Memory is a funny thing. It is not, strictly, accountable.
Memory is evocative. It calls up emotions. When gripped by clear and distinct memories, we may easily grasp the emotions they inspire. We may re-live the feelings we felt at the time.
But when we revisit early childhood—fragmentary scenes, half remembered and half dreamed—we may feel vague longings which have no substance but a mysterious and compelling flavor.
Reeling In the Years
Last week, on May 20, my mother would have been 101 years old. She only made it to 74, so she’s lived only inside me these past 27 years. My memories of Mom are mostly concrete and specific. Thinking of her, I re-live my feelings from the midst of life with her.
But now I’m thinking of Georgia McCune, Mom’s best friend from high school. Georgia married a man named Woody Wilson, a few years older. His parents, the Wilsons, had chosen to name him Woodrow. So that gives you an idea when he was born.
Mom lived in Knoxville, a village of two thousand souls in West-central Illinois. Georgia was from East Galesburg. East Galesburg is more like a suburb of Knoxville than of Galesburg—except that East Galesburg couldn’t possibly be a suburb or any kind of “urb.” Even now, it barely forms a hamlet. In those days it was but a few houses along a gravel road.
I do remember the house Georgia McCune’s parents lived in—because we visited there often. But the memory is blurry. I must have been three or four years old.
Theirs was the last or nearly the last house. The road sloped down to a cattail-fringed lake. The lake is no longer there; I checked on Google Earth. But it was an ill-omened lake anyhow, Georgia’s older brother having died there. He dived in headfirst, struck a submerged rock or a shallow bottom, broke his neck, and drowned. This was told to me as an object lesson.
To this day, in all things, I look before I leap.
I do recall walking down to the lake once with Mr. McCune, Georgia’s father. He took out his pocket knife and carved me a whistle from a willow branch. He cut a notch and slid the bark off the willow. I have forgotten exactly how it was done, but it turns out you can find anything on YouTube.
I must have been five or six when Mr. McCune made me that whistle, else I would not remember it so clearly.
But I remember more vaguely once, or perhaps more than once, when I was younger, attending a picnic at the McCunes’. They had a large patio, probably paved with brick or stone, beside their house. There were wood tables and a large brick barbecue. The whole side yard was canopied o’er with two or three giant weeping willows, their branches trimmed just enough to cast a splendid aura over the whole scene.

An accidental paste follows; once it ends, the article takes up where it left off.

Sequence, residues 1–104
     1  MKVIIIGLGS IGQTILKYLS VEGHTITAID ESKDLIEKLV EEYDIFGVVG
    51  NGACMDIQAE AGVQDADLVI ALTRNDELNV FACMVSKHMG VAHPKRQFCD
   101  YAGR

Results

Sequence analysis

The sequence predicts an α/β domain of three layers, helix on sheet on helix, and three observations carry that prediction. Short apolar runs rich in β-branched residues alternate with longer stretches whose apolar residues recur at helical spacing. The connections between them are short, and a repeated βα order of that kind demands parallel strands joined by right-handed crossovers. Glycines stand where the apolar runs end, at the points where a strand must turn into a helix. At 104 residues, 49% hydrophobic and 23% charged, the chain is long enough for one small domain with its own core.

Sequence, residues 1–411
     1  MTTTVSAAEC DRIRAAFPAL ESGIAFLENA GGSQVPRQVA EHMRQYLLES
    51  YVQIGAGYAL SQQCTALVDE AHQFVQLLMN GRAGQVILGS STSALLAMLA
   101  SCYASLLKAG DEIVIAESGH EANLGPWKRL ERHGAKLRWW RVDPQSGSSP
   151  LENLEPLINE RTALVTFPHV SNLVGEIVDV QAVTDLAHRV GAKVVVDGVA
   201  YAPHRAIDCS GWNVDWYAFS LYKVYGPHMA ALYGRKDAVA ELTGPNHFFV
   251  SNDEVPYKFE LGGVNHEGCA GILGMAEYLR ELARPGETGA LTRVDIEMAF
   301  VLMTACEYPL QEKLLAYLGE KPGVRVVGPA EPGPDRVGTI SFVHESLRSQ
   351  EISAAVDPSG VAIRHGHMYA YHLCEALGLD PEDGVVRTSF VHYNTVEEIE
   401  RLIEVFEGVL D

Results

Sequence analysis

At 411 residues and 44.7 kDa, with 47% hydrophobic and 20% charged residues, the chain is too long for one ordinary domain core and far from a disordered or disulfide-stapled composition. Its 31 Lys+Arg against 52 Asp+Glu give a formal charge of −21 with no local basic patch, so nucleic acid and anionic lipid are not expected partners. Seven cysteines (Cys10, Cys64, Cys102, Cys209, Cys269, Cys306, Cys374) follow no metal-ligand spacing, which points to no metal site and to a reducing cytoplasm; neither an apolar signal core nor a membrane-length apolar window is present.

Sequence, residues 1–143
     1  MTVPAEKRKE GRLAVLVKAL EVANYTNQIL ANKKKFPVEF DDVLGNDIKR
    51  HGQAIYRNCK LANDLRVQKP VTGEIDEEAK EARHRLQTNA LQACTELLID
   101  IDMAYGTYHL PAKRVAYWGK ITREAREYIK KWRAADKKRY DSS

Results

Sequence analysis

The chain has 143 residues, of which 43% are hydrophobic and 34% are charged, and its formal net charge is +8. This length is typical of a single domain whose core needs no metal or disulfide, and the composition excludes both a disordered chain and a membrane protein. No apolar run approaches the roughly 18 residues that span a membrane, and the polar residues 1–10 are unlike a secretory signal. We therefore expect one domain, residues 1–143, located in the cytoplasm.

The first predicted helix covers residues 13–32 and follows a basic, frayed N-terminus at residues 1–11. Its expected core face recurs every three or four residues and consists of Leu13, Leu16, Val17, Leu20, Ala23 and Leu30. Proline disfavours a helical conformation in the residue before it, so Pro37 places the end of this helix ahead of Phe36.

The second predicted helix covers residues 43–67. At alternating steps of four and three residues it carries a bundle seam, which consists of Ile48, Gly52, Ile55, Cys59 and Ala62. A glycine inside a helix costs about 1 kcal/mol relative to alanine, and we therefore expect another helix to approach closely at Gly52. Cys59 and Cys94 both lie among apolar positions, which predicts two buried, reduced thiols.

It turned dark as we ate. But the darkness and the end of supper did not extinguish the evening. Somebody—one of the picnickers, or perhaps a neighbor—had a small pack of hounds. They treed a coon down near the lake. I recall watching and hearing the hounds baying at the treed coon. I do not recall any guns, shooting, or a dead raccoon. Maybe it was not a real hunt, just an exhibition of the dogs.
Later that night, or maybe on another, similar night, Mister McCune took a few of us—men and boys—down the railroad line to see something or other on the tracks. He may have been a Santa Fe Railroad employee—a switchman or yard hand. I recall he lit a red signal lantern and escorted us from the gravel road to the tracks, where we looked at some train cars. Why we did so remains a mystery.
The cars may have been parked on a siding for the brickyard. East Galesburg’s only industry was Purington Bricks. Purington Pavers were famous throughout the Midwest and beyond for their deep purple color and their adamant composition. Some streets in small towns are paved with Purington bricks to this day, long after the brickyard has fallen silent.
The silent brickyard has been overrun with woods. If you know just where to look, you may see a ruined smokestack poking above the trees. That’s about it.
What does this all mean?
That’s just it, Dear Reader. I don’t know.
Perhaps if I did, it would not call me back so. Its meaning would be too plain for further query.
But as things stand, this reverie of summer evenings in East Galesburg is just a near-fantasy—a wisp of truth at its heart, and a swirl of nostalgia surrounding it.
I don’t even know why I thought you might like to hear about it.
Perhaps there is something like this lodged stubbornly in your own memory, Gentle Reader. Some fragment of a long-lost world. Something you don’t understand now because you had not reached an age of understanding then.
Take my advice. Don’t interrogate it too hard. It won’t stand up under questioning.
Just bathe in it for a time.
Larry F. Sommers
Your New Favorite Writer